“It’s more than just a car, it’s a glimpse into the future”. That’s what Jeremy Clarkson said about the W221 S-Class when he first drove one back in 2006. He wasn’t lying. The S-Class has always been the peek into what’s to come for regular consumer cars 10 years later. Options like Brake Assist, Active Blind Spot Assist and a list of other things were standard in the S-Class in 2007 are now part of the marketing campaign touting such features for companies like Subaru. Now if you wanted all these futuristic tech in your car and wanted it paired to a twin-turbo V12 just because…well, why not, you look no further than the S600.
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The W124 500E/E500 was a tough act to follow, but Mercedes-Benz stepped up to the plate well with the new AMG collaboration W210 E55 AMG. The M113 power plant generated an impressive 350 horsepower and 391 lb.ft of torque – more than had graced that legendary W124. In its own way, the E55 AMG became a legend, too – subtle looks offering a velvet wrapper on one hefty hammer. So when it came to replacing it again in the new W211, AMG was forced to turn the dial up a few more notches. It was forced because the market had moved on, and the W210’s power output was no longer competitive in the early 2000s. So forced it was, as in forced induction. The M113 now featured an IHI supercharger, and power increased dramatically. This was no small step for man, this was a giant leap for Mercedes kind. The W211 E55’s power output leaped to 469 hp and it now 520 lb.ft of torque. Of course, it needed those numbers because the competition from Audi in the 450 horsepower twin-turbocharged RS6 and the outgoing benchmark BMW M5’s 400 horsepower S62 V8. Going nuclear on the power level meant AMG needed to upgrade the rest of the hardware, as well. Airmatic adjustable suspension with sport tuning gave the hefty E55 poise in the bends, while 14.2″, 8 piston calipers hidden behind huge split 5-spoke AMG wheels with 245 and 265 section tires kept grip and speed in check. The results were palpable: in a 2003 Car and Driver comparison against its nearest rivals, the new E55 AMG simply outpaced everything in a straight line. 0-60 was dispatched in just 4.3 seconds. 100 came only 5 and a half seconds later. The quarter mile was done in 12.5 seconds. Forget sedans, those were numbers that challenged the Corvette Z06 at the same time, and close to a decade and a half later are still very impressive:
CLICK FOR DETAILS: 2003 Mercedes-Benz E55 AMG on eBay
I love the W210 Mercedes-Benz E55 AMG — so much so that I bought two of them. I still have one and gave the other one to my father because he, too, loved it so much. He drives his everyday in all the elements, while mine stays tucked away in the garage under a cover and doesn’t come out unless the pollen level is under a certain limit and no one on my street is cutting grass. You can probably guess what kind of condition both cars are in by now but that’s indicative of the chassis. AMG or not, you were going to get out of the W210 what you put into it.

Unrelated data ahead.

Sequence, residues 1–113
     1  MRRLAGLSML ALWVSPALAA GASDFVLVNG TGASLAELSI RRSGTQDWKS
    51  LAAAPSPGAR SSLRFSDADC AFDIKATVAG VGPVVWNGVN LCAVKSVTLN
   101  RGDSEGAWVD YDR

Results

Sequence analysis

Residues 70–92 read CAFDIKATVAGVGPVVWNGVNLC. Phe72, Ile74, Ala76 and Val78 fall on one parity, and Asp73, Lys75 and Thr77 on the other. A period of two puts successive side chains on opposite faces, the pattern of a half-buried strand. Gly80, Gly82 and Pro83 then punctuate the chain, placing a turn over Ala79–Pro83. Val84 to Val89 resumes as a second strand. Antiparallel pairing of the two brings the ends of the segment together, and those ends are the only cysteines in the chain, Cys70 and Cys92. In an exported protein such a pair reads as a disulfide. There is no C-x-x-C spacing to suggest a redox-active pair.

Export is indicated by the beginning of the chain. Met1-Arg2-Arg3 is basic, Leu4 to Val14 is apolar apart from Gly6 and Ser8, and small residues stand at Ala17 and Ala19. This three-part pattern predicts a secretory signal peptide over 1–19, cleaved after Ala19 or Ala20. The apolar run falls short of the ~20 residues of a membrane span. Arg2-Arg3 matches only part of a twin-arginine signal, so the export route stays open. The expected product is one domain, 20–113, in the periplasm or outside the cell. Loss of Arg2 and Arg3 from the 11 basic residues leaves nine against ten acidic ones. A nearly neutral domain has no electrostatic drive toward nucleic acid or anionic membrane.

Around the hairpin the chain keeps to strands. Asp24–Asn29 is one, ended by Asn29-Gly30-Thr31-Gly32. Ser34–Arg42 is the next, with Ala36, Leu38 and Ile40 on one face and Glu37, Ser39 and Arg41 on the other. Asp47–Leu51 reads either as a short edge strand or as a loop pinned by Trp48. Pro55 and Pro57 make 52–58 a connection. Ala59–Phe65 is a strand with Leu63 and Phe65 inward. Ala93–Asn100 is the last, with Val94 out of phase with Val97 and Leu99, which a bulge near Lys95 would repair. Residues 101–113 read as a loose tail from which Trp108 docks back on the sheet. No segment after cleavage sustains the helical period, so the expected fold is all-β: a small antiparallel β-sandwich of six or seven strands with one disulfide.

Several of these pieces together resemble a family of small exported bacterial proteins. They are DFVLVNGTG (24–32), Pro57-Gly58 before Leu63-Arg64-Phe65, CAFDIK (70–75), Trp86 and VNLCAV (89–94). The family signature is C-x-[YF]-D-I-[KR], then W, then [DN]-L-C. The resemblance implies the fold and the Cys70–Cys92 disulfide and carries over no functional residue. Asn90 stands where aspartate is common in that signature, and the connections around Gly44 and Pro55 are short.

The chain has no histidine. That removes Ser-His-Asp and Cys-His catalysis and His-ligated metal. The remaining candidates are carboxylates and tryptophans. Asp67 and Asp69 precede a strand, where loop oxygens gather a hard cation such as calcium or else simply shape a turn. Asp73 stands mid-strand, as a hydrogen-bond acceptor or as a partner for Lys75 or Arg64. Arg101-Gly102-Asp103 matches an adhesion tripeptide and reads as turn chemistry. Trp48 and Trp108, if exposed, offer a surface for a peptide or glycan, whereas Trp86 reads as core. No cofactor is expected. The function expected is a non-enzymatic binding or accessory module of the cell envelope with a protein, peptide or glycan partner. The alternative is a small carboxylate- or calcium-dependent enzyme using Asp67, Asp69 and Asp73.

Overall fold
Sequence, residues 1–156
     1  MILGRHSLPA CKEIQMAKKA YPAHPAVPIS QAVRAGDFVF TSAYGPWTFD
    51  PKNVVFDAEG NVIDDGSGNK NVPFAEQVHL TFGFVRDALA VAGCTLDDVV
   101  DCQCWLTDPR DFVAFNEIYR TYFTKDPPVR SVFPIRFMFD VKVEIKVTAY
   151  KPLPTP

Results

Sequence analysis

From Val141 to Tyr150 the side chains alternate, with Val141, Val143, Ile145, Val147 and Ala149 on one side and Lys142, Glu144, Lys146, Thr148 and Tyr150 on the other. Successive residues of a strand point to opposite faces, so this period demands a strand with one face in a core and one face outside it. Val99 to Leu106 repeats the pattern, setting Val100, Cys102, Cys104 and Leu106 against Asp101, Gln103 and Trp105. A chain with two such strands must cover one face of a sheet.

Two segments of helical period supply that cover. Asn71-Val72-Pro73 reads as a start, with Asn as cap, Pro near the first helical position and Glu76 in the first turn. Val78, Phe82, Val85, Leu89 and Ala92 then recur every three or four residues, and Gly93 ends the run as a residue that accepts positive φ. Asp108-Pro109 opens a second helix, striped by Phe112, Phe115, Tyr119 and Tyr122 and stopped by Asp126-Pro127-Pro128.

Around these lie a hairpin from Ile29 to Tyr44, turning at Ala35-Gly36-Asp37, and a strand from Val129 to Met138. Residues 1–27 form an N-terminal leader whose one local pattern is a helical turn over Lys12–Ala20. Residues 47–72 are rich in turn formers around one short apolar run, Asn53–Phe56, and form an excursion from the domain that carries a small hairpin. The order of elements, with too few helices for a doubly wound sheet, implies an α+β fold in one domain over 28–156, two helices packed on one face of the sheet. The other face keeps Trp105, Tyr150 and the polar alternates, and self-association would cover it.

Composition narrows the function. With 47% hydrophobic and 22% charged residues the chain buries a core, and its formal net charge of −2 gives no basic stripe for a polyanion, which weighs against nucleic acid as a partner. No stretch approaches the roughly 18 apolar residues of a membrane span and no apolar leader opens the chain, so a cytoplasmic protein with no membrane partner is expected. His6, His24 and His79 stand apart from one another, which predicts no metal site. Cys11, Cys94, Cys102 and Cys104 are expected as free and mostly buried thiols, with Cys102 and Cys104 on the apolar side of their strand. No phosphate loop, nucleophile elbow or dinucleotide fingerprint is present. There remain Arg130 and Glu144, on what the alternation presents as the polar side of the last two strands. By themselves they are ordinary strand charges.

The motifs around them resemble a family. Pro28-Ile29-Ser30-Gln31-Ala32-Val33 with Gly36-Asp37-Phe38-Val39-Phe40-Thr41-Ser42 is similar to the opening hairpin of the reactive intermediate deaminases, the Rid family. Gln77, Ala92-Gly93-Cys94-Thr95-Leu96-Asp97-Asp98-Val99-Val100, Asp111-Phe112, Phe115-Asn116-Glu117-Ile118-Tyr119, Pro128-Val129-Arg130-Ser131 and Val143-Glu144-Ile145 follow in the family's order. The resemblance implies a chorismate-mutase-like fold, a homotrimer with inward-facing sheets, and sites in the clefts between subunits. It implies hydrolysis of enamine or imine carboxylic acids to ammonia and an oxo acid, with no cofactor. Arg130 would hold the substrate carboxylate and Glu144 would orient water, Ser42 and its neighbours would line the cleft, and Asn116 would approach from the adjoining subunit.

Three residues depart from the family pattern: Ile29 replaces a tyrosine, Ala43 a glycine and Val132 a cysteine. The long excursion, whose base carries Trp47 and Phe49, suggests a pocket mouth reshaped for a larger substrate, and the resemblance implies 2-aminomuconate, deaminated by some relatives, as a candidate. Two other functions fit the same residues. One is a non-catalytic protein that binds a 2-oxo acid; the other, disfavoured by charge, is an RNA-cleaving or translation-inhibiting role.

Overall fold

The W210 E55 is a special car. It’s the last AMG built before they started going crazy with Airmatic suspension, SBC brakes, superchargers – the list goes on. The W210 a simple equation: big engine, big brakes and big wide tires. Yes, you still got all the special edition stuff like different bumpers and side skirts, exclusive seats, steering wheel, gauge cluster and some wood that the non-AMG cars were left without. In addition to these special goodies, you got a chance at some options that you probably didn’t even know existed on the W210. That’s what kind of E55 we have for sale today in Dallas. So let’s check out this ultra-loaded example out.
CLICK FOR DETAILS: 2001 Mercedes-Benz E55 AMG on Dallas Craigslist
Have you been living under a rock? Then here’s a news story – Porsche 911s are pretty hot in the marketplace right now. Consider yourself updated! For the rest of us, this is pretty old news. And by pretty old, I mean they’ve always been very expensive. Take this 1992 Porsche America Roadster, for example. In 1992, you’d have to plunk down $88,000 just for the base price. Most owners left dealers the best part of further $10,000 lighter. That translates to $151,000 or more today, and if you pop over to your Porsche configuration tool it won’t take you long to realize that amount buys you a lot of convertible Porsche today; you’re only about $20,000 away from the base price on the Turbo. Yet underneath the bulging exterior of the America Roadster was a standard horizontally-opposed 3.6 liter with no forced induction producing 247 horsepower. If you’re counting, that’s a little less than half what the new Turbo offers you.
So what did the America Roadster offer, then? Well, you got the look of a Turbo and limitless sky. You also got the brakes, suspension and wheels from the Turbo to help fill out those wide arches. But to really differentiate the model, Porsche decided to release only 250 of them to the public. That makes them about four times more rare than the already quite-infrequently seen Speedster model, and therefore pretty desirable in the collectable 964 spectrum today. Exclusivity of any special model 911 certainly makes them quite special and helps to separate collector examples from those who just pop down to the dealers to buy an off-the-shelf 911 Turbo: